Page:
Biden approves $735m sale of precision-guided missiles to Israel, drawing criticism from Democrats

Oliver O'Connell
New York
Tuesday 18 May 2021 08:04
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The Biden administration has approved the sale of $735m of precision-guided weapons to Israel, raising the ire of some Democrats who question support for the government of Benjamin Netanyahu.

The Washington Post reports that Congress was officially notified of the proposed sale on 5 May, citing three people familiar with the notification — a week before the current conflict with Hamas began.

Rockets fired from Gaza into Israel have led to the deaths of 10 Israelis. Airstrikes on Gaza have left almost 200 Palestinians dead.

The Biden administration has called for a ceasefire but also maintains that Israel has the right to defend itself.

While a large majority of Congress backs this position, a growing minority of Democrats, particularly in the House of Representatives, have raised concerns about supporting Mr Netanyahu and question the timing of the sale.

Some suggest using the sale as leverage to push for a ceasefire.

“In the past week, the Israeli military's strikes have killed many civilians and destroyed the building that housed the Associated Press, an American company reporting on the facts in Gaza,” a Democratic lawmaker on the House Foreign Affairs Committee told the Post.

“Allowing this proposed sale of smart bombs to go through without putting pressure on Israel to agree to a ceasefire will only enable further carnage.”

After official notification of a weapons sale, Congress has 15 days to object by way of a non-binding resolution of disapproval.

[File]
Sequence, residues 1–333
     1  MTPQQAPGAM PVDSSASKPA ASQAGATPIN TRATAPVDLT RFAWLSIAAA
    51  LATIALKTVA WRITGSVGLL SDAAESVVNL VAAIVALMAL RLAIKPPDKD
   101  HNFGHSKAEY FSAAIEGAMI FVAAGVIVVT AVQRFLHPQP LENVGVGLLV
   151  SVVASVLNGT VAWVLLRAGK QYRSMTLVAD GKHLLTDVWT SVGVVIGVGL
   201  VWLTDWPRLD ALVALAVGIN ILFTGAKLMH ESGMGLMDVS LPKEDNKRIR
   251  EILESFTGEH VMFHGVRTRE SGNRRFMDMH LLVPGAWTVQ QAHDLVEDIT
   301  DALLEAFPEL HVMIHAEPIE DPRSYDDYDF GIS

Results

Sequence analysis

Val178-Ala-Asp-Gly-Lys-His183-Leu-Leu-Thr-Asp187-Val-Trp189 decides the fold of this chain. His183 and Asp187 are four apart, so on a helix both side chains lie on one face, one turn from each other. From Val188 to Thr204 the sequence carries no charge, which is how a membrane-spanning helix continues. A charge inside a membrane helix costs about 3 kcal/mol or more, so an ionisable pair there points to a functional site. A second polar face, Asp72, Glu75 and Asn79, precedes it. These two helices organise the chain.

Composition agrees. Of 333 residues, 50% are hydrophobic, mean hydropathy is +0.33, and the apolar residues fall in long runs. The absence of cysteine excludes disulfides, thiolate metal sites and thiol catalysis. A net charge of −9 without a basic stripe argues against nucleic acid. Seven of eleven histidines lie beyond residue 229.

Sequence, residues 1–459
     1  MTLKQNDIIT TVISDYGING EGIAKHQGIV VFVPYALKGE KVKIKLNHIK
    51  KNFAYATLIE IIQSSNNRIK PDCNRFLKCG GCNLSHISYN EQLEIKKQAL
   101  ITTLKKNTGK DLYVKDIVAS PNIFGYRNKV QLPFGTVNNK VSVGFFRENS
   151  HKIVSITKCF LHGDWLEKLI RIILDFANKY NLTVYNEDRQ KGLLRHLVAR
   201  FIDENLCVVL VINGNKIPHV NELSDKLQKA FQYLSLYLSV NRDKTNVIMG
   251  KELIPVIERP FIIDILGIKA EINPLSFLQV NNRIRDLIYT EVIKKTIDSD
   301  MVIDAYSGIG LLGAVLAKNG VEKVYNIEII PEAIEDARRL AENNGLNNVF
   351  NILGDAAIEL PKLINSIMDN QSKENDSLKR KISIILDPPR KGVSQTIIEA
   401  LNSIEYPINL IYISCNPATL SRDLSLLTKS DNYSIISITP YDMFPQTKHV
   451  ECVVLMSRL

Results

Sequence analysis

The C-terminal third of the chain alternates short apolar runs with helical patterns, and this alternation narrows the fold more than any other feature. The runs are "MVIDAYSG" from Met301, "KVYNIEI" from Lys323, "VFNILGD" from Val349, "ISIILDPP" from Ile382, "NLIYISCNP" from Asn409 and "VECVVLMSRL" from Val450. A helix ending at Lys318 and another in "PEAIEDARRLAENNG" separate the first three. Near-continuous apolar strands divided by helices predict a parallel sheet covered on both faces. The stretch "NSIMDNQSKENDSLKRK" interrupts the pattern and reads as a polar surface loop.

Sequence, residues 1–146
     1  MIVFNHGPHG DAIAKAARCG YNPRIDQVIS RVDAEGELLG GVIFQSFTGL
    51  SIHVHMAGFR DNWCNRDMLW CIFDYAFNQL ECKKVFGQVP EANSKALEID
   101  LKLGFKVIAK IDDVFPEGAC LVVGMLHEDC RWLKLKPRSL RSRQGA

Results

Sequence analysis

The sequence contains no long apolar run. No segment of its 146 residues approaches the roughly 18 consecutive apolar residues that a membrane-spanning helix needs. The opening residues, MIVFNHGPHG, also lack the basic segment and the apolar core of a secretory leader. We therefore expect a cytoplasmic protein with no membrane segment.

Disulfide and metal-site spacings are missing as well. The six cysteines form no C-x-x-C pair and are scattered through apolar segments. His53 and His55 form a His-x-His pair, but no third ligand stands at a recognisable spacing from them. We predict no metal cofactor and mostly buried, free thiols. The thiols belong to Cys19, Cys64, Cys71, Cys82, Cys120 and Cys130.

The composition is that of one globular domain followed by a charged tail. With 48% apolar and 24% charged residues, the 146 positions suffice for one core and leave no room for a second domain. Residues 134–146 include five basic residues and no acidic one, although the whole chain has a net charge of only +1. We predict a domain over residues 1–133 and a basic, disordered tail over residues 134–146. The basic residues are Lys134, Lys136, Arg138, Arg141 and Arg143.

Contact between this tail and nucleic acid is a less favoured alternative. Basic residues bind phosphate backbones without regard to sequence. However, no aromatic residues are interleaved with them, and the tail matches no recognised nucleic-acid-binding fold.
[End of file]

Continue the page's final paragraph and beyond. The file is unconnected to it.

Most of the deal with Boeing is for Joint Direct Attack Munitions which transform bombs into precision-guided missiles.

Israel maintains it uses precision-guided munitions to minimise civilian casualties, accusing Hamas of using its own people as human shields in the densely populated Gaza Strip.

Given the majority support for Israel in Congress, it is unlikely that action will be taken to block the sale, but coming during the middle of the current conflict, it has highlighted a growing split in the Democrat ranks over the special treatment the ally receives.

Younger lawmakers, in particular, are more open to criticising Israel’s actions, and this has opened the way for criticism from those that defend the country as the death toll in Gaza mounts.

“I am deeply troubled by reports of Israeli military actions that resulted in the death of innocent civilians in Gaza as well as Israeli targeting of buildings housing international media outlets,” said Senator Robert Menendez, chairman of the Senate Foreign Relations Committee in a statement over the weekend.

Congressman Mark Pocan of Wisconsin tweeted: “We cannot just condemn rockets fired by Hamas and ignore Israel’s state-sanctioned police violence against Palestinians — including unlawful evictions, violent attacks on protestors & the murder of Palestinian children. US aid should not be funding this violence.”

New York representative Alexandria Ocasio-Cortez labelled Israel an “apartheid state” on Twitter saying that it could not be considered a democracy.

She also tweeted: “This is happening with the support of the United States. I don’t care how any spokesperson tries to spin this. The US vetoed the UN call for ceasefire. If the Biden admin can’t stand up to an ally, who can it stand up to? How can they credibly claim to stand for human rights?”

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